This to some degree depends on the packages that are installed, but with the OEM-Drivers, Storage and Guest packages installed the following modules are available:

PowerShell Modules in Nano

As the screenshot above shows, there are a lot of useful modules missing. Even within some of the modules, many of the CmdLets are not available.

For example, in the Microsoft.PowerShell.Management module on Windows Server 2012 R2, there are 86 CmdLets available. In Nano Server there are only 38:

List of CmdLets in Management Module in TP2

Obviously, this is only Tech Preview 2, and so will likely change, but it certainly might be the case that some PowerShell scripts won’t work on Nano Server and will need to be re-written.

SysPrep is Missing

One other element that is missing from Nano Server is the SYSPREP tool. The folder c:\windows\system32\sysprep is there, but it is empty. So sysprepping a Nano Server at the moment doesn’t seem to be possible.

Force WSUS to Synchronize Now from PowerShell

After passing my MS 70.410 exam I had a little bit of free time on my hands, so I thought I’d clean up my WSUS servers and prepare them for Windows 10 and VS 2015. So I thought I’d force myself to do the whole thing via PowerShell. The problem is that the UpdateServices PowerShell module doesn’t have cmdlets for some things I wanted to do –force a synchronization was among them. So I needed use the Microsoft.UpdateServices.NET components to perform these functions.

Useful Commands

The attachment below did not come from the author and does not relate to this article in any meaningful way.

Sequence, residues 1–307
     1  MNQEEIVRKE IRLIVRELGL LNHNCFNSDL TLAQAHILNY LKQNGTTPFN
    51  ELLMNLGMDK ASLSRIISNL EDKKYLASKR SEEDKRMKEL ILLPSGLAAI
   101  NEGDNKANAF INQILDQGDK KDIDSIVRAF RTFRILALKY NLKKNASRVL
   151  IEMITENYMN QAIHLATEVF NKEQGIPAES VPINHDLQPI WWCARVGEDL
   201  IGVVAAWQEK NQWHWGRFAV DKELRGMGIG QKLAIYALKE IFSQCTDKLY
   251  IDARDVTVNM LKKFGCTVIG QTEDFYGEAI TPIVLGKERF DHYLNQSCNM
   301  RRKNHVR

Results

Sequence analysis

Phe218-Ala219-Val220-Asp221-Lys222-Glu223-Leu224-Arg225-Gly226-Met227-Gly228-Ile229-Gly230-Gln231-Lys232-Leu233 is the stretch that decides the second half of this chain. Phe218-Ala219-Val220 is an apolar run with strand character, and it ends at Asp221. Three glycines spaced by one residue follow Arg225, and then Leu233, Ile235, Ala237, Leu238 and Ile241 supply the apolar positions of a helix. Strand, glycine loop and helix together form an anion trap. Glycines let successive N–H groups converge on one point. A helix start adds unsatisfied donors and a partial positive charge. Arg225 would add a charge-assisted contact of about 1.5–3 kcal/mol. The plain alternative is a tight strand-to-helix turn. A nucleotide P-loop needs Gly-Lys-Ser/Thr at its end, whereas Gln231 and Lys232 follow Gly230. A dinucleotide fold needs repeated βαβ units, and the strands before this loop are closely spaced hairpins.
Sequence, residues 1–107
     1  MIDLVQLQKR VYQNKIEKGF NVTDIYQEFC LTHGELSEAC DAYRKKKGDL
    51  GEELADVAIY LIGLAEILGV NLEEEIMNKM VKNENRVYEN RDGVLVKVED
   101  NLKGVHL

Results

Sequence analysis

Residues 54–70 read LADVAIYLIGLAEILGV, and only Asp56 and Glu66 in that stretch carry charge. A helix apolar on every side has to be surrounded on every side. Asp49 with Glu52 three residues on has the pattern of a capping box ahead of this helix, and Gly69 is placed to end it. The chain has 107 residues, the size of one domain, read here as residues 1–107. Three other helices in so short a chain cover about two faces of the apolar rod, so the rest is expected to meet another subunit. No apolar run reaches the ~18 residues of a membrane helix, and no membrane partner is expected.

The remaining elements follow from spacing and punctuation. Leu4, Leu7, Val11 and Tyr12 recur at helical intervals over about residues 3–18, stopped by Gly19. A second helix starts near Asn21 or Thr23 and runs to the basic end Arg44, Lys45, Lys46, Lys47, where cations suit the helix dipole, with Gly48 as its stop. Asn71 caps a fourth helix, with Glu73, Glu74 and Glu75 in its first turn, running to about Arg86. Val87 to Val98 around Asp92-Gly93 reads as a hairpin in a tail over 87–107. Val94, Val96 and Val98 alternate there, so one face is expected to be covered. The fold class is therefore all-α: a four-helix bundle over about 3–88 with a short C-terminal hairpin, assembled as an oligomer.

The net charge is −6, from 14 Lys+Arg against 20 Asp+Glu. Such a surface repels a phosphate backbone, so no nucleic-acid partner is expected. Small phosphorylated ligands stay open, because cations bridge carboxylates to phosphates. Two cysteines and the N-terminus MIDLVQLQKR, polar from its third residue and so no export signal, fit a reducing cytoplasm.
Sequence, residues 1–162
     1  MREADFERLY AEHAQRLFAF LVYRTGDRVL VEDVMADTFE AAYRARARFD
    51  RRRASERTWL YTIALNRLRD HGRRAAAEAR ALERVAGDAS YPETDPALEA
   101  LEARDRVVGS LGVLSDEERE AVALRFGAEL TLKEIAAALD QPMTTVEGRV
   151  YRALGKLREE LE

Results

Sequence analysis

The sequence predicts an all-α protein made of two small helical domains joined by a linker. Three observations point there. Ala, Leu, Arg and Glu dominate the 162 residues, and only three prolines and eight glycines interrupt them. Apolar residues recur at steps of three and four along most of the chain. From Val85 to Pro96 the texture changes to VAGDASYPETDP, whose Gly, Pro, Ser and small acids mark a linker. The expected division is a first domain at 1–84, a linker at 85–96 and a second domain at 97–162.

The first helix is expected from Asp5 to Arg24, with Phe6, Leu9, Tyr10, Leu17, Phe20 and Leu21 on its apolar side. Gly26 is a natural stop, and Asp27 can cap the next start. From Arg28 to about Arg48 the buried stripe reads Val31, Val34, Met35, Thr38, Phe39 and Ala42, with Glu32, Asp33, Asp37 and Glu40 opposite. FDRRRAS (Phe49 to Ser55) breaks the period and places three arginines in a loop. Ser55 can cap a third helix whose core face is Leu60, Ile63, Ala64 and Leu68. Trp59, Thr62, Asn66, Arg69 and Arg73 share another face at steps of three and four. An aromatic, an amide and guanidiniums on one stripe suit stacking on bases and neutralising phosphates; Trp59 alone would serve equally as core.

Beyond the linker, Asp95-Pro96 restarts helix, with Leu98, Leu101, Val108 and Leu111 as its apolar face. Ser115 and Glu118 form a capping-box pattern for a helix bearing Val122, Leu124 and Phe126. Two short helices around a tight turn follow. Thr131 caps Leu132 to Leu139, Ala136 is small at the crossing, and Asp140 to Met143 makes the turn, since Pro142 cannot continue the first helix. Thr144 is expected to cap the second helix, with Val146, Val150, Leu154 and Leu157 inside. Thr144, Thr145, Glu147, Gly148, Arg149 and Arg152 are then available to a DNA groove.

To force a WSUS server to synchronize now:


To get the result of the last synchronization:


Pretty simple! I’m sure additional functions will crop up and I’ll try to post any useful ones here as well.

A Minor Irritation with VHDs and Dynamic Disks

As part of my recent studies (and because I’m a bit OCD) I’ve been writing some notes on what how to perform various DISKPART commands in PowerShell. You might also need to do this if you’re converting old DISKPART scripts into PowerShell (for whatever reason).

In most cases it is straight forward to map DISKPART commands over to PowerShell. For example, to use DISKPART to initialize and set the partition format to GPT on disk 6 in a machine:


Whereas in PowerShell the equivalent would be:

Set-Disk -Number 6 -IsOffline $false
Initialize-Disk -Number 6 -PartitionStyle GPT

The Problems

However, I ran into two situations where PowerShell can’t be used when doing mapping:

  1. Dynamic disks can’t be created using PowerShell. Therefore spanned, striped, mirrored or parity volumes can’t be created without using DISKPART. However, Storage Spaces could be used instead if you’re using Windows Server 2012/Windows 8 and above.
  2. The PowerShell cmdlets to create and mount Virtual Hard Disk files (VHD/VHDx) can’t be used if Hyper-V is not installed:VHD cmdlets without Hyper-V
    This is a little bit annoying because the Hyper-V role can’t always be installed. For example, it can’t be installed on a guest VM. Of course it is probably a bit unusual to be working with VHD/VHDx files within a guest VM (you’re more likely to be working with them on the host), but with the amount of stuff moving to the cloud this might be a problem that you run into.

That’s it for tonight!